By now, quite a crowd had gathered - along with a number of freelance press photographers. There was a lot of support in the crowd, much of it drummed up by students and UK Uncut members who started chants and involved people outside the bank in the action. However, there were also a lot of young kids who gathered, fascinated by what was going on, and passers-by of all ages gave thumbs up, cheers, and other brief shows of support. This only grew as people learned that the focus of the protests was the NHS.
Unfortunately, not everyone felt the same way. One man took it upon himself to storm over to the police and demand everyone's arrest. He needed to get money out at his branch, and as a result democratic rights, due process, etc, could get stuffed. It quickly became apparent that reasoning with him wasn't an option as he had a chip on his shoulder and was looking for a barney.
After getting nowhere with me, he stood outside the bank shouting at those inside, getting more irate as they laughed at him. But, to be fair, if you put on massive shades and then wear them as a chin strap when you get "serious," you're asking to be mocked. Repeatedly. Having "quiet arse" as your heckle of choice is also a guarantee of having the piss taking out of you as a complete moron. Nevertheless, he did find one person amongst the crowd of inconvenienced bank customers (most of whom were good natured about it) to sympathise with his moan that "they've made their point, so why not move on now." I quickly realised the folly of trying to explain how disruptive direct action works to them.
After two hours occupying the store, and with the branch successfully shut down, UK Uncut left the bank and briefly rallied and chanted outside before "dispersing" and hanging around the area in more informal gatherings. During this time, our heckler took it upon himself to get in the face of a young woman and have a go at her. When a couple of us intervened and got in his way, he stormed off in a sulk. Unfortunately, he didn't go that far and stood just beyond the bank with his arms crossed and a face on him like a bulldog licking piss off a thistle.
That wasn't the end of it, and a short while later an attempt was made to occupy Vodafone next door. It wasn't successful, but it did result in the police and security blocking the doors to stop people entering, thus having the same effect of shutting the shop down. After rallying here for about twenty minutes, the group made the decision to move on. NatWest was shut down, as was Vodafone. The impact had been made, and there were more targets to be found.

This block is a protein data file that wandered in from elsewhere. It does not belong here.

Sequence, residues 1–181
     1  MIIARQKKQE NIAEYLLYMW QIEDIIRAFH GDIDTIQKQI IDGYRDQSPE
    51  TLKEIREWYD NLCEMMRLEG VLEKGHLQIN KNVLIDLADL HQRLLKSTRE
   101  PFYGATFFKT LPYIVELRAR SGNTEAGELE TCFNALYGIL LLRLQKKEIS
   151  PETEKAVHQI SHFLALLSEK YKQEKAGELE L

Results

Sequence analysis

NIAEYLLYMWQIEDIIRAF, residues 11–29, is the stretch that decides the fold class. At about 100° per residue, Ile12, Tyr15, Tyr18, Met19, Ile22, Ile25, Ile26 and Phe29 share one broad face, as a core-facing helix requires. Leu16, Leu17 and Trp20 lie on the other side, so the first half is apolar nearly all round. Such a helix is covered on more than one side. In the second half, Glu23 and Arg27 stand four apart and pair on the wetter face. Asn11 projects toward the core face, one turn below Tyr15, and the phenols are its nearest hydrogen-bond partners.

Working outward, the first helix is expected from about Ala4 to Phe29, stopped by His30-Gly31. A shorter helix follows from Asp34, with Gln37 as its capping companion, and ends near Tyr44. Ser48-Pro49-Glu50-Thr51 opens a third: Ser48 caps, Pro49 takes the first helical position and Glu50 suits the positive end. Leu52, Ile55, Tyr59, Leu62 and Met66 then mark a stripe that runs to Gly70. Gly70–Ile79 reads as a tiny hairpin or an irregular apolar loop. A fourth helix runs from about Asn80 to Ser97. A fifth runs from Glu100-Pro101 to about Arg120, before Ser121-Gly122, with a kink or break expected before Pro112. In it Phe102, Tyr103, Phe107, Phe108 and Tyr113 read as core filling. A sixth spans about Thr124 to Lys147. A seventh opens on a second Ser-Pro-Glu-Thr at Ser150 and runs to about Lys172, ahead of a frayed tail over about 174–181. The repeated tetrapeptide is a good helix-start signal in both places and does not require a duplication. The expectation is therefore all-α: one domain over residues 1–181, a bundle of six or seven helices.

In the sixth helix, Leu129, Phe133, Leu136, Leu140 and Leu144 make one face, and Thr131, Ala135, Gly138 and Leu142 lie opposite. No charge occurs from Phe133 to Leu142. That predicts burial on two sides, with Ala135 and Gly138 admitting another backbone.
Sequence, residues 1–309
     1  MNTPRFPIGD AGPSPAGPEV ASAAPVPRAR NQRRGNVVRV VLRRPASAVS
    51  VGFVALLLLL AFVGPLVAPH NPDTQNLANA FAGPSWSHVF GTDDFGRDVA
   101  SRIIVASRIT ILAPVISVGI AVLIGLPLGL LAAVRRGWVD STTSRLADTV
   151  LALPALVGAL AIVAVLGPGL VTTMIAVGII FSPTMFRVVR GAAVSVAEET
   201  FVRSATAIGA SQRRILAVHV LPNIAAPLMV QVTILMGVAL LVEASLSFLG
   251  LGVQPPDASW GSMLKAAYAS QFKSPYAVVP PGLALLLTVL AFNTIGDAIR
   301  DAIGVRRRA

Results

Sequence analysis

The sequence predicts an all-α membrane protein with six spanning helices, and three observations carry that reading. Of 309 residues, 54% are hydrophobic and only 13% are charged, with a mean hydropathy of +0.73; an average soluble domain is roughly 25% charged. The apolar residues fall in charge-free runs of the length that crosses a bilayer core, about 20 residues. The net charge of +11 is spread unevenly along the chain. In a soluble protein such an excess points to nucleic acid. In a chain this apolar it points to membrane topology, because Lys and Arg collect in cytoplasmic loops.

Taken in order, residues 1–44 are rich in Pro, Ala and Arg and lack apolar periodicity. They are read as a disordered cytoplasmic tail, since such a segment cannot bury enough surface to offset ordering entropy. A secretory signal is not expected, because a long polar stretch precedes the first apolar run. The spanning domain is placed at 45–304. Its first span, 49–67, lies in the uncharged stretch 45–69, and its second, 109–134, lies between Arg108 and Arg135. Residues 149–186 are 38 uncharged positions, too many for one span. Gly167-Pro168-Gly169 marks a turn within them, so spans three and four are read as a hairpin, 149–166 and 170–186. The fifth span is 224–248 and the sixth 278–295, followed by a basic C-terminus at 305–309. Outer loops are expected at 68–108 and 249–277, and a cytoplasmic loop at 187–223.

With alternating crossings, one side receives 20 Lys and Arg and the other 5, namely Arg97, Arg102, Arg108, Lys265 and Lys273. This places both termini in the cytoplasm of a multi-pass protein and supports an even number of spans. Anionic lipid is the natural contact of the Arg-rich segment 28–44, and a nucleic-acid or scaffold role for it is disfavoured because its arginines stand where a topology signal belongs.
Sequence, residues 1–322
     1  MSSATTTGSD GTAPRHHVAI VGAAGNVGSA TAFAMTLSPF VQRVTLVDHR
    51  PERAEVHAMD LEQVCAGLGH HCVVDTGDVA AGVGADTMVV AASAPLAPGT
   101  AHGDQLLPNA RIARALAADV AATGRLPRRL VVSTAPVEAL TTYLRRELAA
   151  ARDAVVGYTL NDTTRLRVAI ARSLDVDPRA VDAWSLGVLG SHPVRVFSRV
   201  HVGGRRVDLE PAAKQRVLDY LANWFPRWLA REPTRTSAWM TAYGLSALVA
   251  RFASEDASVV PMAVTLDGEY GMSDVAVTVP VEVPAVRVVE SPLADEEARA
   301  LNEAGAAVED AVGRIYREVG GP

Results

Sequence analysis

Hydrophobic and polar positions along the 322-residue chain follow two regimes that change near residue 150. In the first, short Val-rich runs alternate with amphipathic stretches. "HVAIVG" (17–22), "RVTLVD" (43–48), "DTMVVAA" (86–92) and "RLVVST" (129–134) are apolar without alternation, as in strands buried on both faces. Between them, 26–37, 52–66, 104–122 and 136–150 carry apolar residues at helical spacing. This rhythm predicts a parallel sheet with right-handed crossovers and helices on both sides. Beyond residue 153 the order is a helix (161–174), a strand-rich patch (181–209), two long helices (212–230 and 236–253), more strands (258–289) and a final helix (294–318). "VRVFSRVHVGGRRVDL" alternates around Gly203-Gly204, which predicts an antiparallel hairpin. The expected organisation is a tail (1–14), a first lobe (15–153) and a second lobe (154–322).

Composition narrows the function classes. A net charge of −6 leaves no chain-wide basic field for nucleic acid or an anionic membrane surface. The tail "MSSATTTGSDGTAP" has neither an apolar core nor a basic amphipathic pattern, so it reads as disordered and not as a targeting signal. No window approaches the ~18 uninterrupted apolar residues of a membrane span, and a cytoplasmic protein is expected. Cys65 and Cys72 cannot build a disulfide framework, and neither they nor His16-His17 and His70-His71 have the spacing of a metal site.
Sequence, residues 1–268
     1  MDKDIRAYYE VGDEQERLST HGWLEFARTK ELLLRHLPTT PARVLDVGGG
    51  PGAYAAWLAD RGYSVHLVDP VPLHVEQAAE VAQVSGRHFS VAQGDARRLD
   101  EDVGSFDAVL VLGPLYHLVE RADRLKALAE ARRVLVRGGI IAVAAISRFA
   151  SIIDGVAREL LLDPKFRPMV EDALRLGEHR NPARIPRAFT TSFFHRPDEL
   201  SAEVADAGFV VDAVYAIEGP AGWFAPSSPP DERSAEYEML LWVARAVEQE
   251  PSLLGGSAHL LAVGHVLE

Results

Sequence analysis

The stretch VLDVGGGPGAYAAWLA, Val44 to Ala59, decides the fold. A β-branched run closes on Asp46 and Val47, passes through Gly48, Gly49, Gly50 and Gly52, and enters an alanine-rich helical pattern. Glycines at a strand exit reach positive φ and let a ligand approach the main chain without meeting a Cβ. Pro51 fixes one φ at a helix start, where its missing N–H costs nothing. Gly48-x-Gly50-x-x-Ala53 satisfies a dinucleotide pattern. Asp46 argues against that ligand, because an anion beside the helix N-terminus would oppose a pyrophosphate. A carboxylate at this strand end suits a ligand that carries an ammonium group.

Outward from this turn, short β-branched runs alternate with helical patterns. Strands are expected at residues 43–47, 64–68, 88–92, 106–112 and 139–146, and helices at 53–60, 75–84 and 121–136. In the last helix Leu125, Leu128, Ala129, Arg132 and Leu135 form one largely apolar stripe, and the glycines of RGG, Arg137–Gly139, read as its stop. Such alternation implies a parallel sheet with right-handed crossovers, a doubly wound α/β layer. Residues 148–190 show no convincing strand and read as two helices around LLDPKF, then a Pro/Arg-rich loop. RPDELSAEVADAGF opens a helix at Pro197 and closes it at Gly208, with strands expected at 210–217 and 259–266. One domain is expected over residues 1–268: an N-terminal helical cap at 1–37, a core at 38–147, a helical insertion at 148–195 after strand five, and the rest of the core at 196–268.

This prompted our heckler friend, who had returned because his need to withdraw cash had been replaced by a need to buy a phone, to start shouting "go on, get lost." But, of course, trying to make out like a huge gang of people are leaving on your say so is going to make that group stop out of principle. Unfortunately, when confronted, the anger got far too much for him and he gave the window of the shop a swift kick. Had it broken on him, I think I would have quite literally pissed myself laughing. He made a swift exit before any police came over to investigate, and advice to take anger management and calm down followed him on his hasty retreat.
I parted ways with UK Uncut soon after. However, I have since learned that as they tried to take their actions further into the City Centre they were met with heavier security. There were no arrests, but the security from Liverpool One manhandled activists and tried to provoke them into a fight whilst the police looked on. No doubt they were only ready to act if it was the protesters stepping out of line.
This only demonstrates the extent to which the actions of groups like UK Uncut pose a threat. As noted earlier, their politics are not especially radical. Their message is largely drawn from that offered by the PCS union, who have now come out in full support of the group. But their actions utilise the power of ordinary people to disrupt businesses, upset the flow of capital, and make a dent in profits simply by standing together and taking action for themselves. That, both as an idea and in action, is a dangerous concept.
It is easy to scoff at a group of largely unseasoned activists, turning the streets into a pantomime and causing a ruckus. But the fact is that they have taken off where the traditional movement hasn't. They appeal to the young and the disaffected because they take direct action and because they organise without hierarchy or formalised leadership. Moreover, they show that such an approach works.
I would certainly argue that UK Uncut has its limitations and contradictions. It would be great to see such mass direct action coupled with a clear revolutionary perspective, and a greater willingness to break the law in many instances. But these debates can be had and are being had. What's important is that those who involve themselves in actions such as today's are recognised as valuable to an escalating class struggle. Let's not marginalise or exclude them as we approach a one day strike action which has at least as many limitations and contradictions.